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At a company I was recently working at my immediate manager often undermined other managers. They seemed to have a clique with some other managers but viewed all other managers as the enemy and would deliberately obstruct or delay the projects that they were involved with outside of their own team, e.g. saying in our team meeting, "I didn't do any work on this project because the project manager is bossy". When I complained about this behaviour to their line manager I was told that this is "normal behaviour" and "what I would have done myself" (i.e. their line manager would behave the same way).

I have worked at a lot of different companies but this is the first time I have come across this attitude. I have never been a manager so I don't know if maybe there is some rationale behind it. I am no longer at this company but I would like to understand better if the situation occurs again.

I have always thought that when at work you put your personal feelings aside, try to get along with everyone you work with (no matter if short-term or long-term) and do what's best for the business. Is there any way that undermining most other managers could be good for the company? I can't see how as a non-manager I could ever get away with that kind of behaviour. How could I have handled the situation better? Should I have ignored it as a "management issue"? Was I wrong to think it was an issue?

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It's not news: adults tell their kids to behave like adults while they themselves act like kids. If people can afford their behavior and the system is configured in such a way that they know either that they'll get away with it or that there is no cost to themselves from their behavior, that's the way many will behave.

You can decide four ways:

  • It's not an issue

  • It's an issue but there is nothing you can do about it except get yourself hurt. Don't start wars you can't win. Don't start wars that ain't worth fighting. And don't start or get into wars that it's someone else's job to fight. There are some wars that you should fight as a matter of high principle, even if the end result may be a crushing defeat for you. I doubt that this war is one of those.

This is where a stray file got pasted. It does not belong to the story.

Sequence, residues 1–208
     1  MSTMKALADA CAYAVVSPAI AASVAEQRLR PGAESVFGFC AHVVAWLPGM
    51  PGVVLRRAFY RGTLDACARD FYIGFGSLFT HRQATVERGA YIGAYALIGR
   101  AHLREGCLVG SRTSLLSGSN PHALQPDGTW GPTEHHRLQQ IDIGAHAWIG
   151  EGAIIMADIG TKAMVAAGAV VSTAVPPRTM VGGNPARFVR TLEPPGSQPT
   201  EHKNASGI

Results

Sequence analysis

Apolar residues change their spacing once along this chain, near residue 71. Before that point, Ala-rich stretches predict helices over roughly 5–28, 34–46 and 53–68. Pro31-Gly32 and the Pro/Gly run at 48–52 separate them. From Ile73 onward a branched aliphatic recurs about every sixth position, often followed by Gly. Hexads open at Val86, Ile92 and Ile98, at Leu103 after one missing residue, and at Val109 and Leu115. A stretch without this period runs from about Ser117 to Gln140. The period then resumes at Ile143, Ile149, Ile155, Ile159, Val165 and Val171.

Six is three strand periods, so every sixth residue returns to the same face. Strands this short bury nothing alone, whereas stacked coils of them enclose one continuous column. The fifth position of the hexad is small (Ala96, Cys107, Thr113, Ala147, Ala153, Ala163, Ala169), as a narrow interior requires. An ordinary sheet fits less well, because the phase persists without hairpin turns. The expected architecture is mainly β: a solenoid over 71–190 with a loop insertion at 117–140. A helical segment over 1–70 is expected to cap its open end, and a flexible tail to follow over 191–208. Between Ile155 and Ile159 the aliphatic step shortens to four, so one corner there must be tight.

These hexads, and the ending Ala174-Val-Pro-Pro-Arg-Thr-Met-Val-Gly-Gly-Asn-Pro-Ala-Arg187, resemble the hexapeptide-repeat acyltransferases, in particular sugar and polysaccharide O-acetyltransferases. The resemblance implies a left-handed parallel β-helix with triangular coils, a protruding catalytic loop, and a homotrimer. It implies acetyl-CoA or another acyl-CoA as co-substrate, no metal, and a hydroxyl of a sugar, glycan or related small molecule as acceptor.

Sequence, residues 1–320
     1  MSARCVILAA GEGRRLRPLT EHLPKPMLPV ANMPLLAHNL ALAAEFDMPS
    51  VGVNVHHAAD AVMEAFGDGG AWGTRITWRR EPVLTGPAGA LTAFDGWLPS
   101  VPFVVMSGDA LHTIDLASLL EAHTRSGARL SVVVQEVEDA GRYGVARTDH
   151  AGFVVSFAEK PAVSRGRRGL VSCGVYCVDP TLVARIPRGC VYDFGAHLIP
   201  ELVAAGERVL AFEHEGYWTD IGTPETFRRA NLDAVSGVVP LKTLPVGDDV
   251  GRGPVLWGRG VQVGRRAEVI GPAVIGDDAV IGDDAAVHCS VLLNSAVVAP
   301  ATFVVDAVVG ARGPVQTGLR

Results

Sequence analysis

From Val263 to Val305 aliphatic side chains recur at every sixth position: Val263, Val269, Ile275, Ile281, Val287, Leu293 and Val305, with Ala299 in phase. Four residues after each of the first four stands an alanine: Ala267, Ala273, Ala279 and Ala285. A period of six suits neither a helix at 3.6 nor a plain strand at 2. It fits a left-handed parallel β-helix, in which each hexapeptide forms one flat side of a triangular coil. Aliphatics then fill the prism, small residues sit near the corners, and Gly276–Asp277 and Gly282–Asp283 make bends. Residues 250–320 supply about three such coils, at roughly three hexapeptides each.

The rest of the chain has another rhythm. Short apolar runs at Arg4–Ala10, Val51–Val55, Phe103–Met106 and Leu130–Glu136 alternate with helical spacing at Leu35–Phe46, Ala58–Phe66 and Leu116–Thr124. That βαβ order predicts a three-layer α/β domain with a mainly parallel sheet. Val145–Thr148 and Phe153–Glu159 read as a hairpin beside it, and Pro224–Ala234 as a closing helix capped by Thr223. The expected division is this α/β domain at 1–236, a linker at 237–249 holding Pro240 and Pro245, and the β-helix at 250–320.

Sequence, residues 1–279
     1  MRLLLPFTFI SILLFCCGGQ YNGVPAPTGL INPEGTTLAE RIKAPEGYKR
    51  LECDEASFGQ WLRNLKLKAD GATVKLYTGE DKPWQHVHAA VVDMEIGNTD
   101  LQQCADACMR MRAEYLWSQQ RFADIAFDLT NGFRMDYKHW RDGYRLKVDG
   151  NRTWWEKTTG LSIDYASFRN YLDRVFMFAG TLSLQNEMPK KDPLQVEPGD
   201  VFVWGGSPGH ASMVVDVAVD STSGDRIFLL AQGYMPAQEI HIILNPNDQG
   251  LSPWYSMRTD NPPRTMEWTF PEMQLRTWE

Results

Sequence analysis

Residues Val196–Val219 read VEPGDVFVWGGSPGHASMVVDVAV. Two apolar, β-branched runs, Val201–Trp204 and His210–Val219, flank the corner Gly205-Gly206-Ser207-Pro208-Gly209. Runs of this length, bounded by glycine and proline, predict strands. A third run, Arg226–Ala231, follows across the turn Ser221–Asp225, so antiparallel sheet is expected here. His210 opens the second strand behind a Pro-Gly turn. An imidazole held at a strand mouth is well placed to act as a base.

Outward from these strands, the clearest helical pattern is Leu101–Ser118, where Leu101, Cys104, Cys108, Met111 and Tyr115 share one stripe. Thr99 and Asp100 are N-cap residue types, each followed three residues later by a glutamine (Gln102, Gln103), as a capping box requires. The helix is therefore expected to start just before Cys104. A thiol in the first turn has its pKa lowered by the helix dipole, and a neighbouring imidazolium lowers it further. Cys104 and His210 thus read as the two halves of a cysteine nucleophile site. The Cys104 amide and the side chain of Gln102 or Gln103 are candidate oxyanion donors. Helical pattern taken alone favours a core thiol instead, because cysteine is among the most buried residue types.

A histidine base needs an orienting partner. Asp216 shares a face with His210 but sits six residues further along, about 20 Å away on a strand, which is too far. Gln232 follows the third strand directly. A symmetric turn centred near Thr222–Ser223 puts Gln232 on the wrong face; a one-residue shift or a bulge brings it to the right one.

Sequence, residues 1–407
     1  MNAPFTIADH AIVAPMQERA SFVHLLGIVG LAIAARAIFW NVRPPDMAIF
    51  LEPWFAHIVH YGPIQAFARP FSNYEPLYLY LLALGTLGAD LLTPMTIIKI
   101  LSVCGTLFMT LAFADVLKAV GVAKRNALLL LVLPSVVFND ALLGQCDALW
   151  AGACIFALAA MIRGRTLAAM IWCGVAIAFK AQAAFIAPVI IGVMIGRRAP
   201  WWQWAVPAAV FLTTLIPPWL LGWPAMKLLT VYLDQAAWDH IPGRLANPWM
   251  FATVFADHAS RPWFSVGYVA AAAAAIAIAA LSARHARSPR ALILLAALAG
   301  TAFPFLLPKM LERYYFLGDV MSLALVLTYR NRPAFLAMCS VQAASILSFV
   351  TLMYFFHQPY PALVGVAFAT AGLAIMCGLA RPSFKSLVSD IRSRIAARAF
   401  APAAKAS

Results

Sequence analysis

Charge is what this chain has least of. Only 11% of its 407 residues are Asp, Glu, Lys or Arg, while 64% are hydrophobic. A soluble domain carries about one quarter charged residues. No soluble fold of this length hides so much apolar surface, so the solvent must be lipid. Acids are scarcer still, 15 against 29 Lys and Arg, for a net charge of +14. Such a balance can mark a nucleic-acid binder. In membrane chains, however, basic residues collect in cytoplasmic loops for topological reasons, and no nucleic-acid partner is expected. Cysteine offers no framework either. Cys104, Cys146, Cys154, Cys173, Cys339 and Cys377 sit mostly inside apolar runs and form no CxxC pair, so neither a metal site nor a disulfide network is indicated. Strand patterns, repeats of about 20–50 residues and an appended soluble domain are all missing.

• It's an issue but there is a winnable way to deal with it - It's winnable if you've got full support from top management and you have been delegated enough authority to mandate some changes.

  • It's an issue and you'll fight no matter what. If you have a vocation as a martyr, an idealist, a sucker (?), you are more likely to fight no matter what. Friendly cautionary note: in the unlikely case that you win, someone else may well hog/hijack the credit.

  • I would assume (2) is the best choice. If you feel confident, you could talk to your manager, acting as the inexperienced but keen employee who would like to learn the art of intrigue and undermining competitors from a master, obviously outwardly agreeing with what he or she does. You might learn something that helps you in a similar situation, maybe when you are a manager yourself at a place where other managers try to undermine you. – gnasher729 Oct 27 '14 at 15:30
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Is there any way that undermining most other managers could be good for the company?

This could be an unexpected result of the company creating a competitive environment between managers. There may or may not be formal comparisons when evaluating them or determining compensation. Instead of just "every man for himself" there may be cliques that form so they can gang up on other managers and just say they don't like the "bossy" ones.

A sports manager may want to see two players fight (counter-productive if one of them gets hurt) as a way to "fire up" a team that isn't competing hard.

I can't see how as a non-manager I could ever get away with that kind of behaviour. How could I have handled the situation better? Should I have ignored it as a "management issue"? Was I wrong to think it was an issue?

You could have asked more questions to get to the root of the problem. I'm not sure you could do anything about it. It seems like this is a major part of the company culture. You could have presented data that showed how much this was costing the company, but you don't have anything to compare it to when you don't know if or why this behavior is encouraged.

Some companies sacrifice profits to maintain charitable, moral or ethical goals. Your company may think if your managers like or cooperate with one another, they'll slack off more than the productivity they are wasting fighting with one another. I doubt you'll find this in the company mission statement.

You could have tried to be the whistle-blower, but I doubt it would help and the people in charge are already condoning it. Good thing you have moved on.

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To quote the great Mahatma Ghandi: Be the change that you wish to see in the world.

Lead by example. Eventually, most will see the benefits of your cooperative relationship building across the organization. They may not adopt it wholesale, but certainly the benefits will redound to your professionalism.

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